We’re used to beef in the music world; it’s less common to see it in the realm of artisan chocolate. But if the past week has taught us anything, it’s that people want answers with their $10 chocolate bars.

The food controversy of the moment surrounds Mast Brothers, the “bean-to-bar” purveyor known for its well-designed packaging and nouveau flavors like sheep’s milk and cold-pressed olive oil. Since they started out in 2007, the bearded brothers behind the Williamsburg-based company have received gushing coverage from major media outlets, a James Beard nomination for their cookbook, and splashy partnerships with the likes of Rag & Bone and Shake Shack.
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But they’re rapid rise as leaders of the foodie new school isn’t universally supported. Kenji López-Alt, the best-selling author of the The Food Lab, has been vocal about his distaste for the brand, which he calls “the poster child for the bad ‘artisan’ food movement in NYC.” And last year Slate ran a widely discussed story about how, despite Mast Brothers’ massive popularity, almost no speciality chocolate shops carry its product. Its ratings by real connoisseurs “would hit in the bottom 5 percentile,” the article claimed.

Last week, the latent food-world bad-mouthing about Mast Brothers turned into a viral brouhaha when DallasFood.org’s Scott Craig published a fourpart series exposing what he says are “lies” in the company’s origin story, and calling brothers Rick and Michael Mast “the Milli Vanilli of chocolate.”


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The accusations center around the concept of “bean-to-bar” chocolate, which has been key to the Mast Brothers mythology. The phrase refers to a process of chocolate-making in which everything is done from scratch by the maker—from roasting, to tempering, to molding. Craig argues that the brothers were simply “pretending to be a bean-to-bar chocolate company” in the early days, and has unearthed email correspondences suggesting that the brothers used remelted chocolate from the commercial French manufacturer Valrhona.

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Whether or not you think the Mast Brothers product tastes good, the core issue here is around transparency and the buzzwords that surround the artisan food movement. In an age where Domino’s uses the term handmade in its marketing and multinational conglomerates pose as “craft” beer, the details of process and sourcing are substantive. Much of the Mast Brothers success can be traced to its emphasis on authenticity, so any suggestion that it willfully misled consumers would be a huge blow to its credibility—especially when the chocolate bars in question cost $10.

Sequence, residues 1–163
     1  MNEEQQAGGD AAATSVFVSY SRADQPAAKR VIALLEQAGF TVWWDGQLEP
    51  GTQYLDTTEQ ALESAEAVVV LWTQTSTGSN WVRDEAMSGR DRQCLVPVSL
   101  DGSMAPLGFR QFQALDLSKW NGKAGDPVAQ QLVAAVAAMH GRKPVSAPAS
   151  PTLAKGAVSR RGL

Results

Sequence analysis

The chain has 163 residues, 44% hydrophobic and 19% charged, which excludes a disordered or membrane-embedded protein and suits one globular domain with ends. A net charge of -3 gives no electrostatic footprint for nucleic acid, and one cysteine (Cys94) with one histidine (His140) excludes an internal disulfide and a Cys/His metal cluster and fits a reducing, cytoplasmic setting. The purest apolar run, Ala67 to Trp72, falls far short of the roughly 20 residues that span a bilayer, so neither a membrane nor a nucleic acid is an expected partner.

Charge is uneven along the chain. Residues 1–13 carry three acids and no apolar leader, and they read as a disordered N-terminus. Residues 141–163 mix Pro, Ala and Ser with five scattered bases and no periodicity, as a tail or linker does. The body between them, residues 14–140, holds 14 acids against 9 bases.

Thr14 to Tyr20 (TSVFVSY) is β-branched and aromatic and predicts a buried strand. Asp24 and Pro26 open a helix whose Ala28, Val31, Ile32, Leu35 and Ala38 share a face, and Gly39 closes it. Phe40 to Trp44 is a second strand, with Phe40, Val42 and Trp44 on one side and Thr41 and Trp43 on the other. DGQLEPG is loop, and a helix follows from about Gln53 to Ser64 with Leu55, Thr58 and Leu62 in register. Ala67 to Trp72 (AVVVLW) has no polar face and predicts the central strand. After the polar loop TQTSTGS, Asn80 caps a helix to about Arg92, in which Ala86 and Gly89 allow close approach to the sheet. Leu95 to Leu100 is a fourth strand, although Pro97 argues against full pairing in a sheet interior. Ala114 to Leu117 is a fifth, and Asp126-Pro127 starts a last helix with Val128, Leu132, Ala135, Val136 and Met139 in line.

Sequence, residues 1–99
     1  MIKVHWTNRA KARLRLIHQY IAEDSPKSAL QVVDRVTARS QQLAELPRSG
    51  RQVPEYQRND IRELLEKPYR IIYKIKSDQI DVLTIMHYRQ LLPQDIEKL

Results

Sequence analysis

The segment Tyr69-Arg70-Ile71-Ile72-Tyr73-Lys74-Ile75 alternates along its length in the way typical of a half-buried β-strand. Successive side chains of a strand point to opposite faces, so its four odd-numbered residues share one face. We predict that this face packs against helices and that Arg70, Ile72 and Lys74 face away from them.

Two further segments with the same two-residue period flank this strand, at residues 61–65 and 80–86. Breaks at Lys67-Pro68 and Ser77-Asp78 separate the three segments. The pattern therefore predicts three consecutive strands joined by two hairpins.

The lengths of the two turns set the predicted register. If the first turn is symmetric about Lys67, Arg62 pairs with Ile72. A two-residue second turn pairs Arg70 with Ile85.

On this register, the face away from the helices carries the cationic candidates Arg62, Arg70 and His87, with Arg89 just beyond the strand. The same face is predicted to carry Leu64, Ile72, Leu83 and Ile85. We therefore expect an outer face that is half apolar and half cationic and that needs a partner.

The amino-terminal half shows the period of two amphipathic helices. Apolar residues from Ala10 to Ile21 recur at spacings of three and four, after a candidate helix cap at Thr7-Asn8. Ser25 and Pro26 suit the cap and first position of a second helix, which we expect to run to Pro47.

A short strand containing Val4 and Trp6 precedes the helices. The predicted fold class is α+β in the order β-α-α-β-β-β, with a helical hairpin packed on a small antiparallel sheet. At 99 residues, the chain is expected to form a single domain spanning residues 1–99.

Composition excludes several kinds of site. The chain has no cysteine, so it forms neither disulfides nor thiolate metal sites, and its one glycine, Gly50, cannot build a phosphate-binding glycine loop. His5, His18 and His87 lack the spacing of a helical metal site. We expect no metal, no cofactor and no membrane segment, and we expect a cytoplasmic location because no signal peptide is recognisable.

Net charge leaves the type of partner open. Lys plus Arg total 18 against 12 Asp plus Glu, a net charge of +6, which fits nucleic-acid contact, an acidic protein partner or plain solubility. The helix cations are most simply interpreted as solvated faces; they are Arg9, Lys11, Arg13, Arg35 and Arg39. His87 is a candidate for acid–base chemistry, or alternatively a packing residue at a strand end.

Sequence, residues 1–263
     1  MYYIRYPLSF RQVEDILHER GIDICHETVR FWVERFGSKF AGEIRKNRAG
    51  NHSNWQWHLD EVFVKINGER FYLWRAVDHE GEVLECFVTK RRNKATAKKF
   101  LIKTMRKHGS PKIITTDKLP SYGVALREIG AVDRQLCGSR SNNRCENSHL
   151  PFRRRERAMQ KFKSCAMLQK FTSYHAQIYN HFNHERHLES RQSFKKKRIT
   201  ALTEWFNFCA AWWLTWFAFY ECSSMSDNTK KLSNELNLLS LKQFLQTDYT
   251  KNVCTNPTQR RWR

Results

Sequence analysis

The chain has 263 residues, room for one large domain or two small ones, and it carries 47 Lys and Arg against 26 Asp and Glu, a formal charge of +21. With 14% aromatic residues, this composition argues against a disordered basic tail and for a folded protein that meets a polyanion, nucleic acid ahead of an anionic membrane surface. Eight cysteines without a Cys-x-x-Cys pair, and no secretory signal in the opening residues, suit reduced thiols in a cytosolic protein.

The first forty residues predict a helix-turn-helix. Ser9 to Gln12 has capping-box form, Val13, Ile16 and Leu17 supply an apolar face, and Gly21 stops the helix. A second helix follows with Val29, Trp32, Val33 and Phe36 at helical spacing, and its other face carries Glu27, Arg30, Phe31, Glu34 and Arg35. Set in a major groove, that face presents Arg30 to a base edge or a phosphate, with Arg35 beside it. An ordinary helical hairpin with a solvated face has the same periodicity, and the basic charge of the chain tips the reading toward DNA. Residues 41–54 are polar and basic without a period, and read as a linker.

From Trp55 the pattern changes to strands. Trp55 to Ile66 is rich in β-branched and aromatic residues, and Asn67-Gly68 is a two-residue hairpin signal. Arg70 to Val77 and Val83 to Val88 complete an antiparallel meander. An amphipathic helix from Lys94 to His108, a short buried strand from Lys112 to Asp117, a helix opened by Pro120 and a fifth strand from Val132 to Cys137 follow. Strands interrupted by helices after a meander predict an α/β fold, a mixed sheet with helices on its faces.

Milk chocolate made with Italian sheep milk

A photo posted by Mast Brothers (@mastbrothers) on

Mast Brothers attempted to get out in front of the controversy, releasing a response to Grub Street that stuck to its bean-to-bar guns:

Any insinuation that Mast Brothers was not, is not or will not be a bean to bar chocolate maker is incorrect and misinformed. We have been making chocolate from bean to bar and will continue to do so. Through the years, we have continuously improved our methods, recipes and tastes. We love making chocolate, and we have the audacity to think that we are pretty good at it too.”

However, in an interview with the New York Times over the weekend, Rick Mast confirmed that “the brothers did use industrial chocolate, what is known as couverture, in some of their early creations.” A letter posted on the Mast Brothers website echoes this comment, chalking up the use of remelted chocolate as a necessary part of the brand’s early “experimental” phase.


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So while there’s little doubt that the company’s process is what it claims to be these days, Craig’s exposé suggests that Mast Brothers is not nearly as innovative as it claims to be, and has instead created a genius marketing campaign that lures consumers into their brand, rather than delivering an overall quality product.

One thing’s for sure: We haven’t seen a cocoa controversy this big since Hershey’s blocked Cadbury from exporting British chocolate to the U.S.

[via Quartz, Eater, DallasFood.org, New York Times, Grub Street]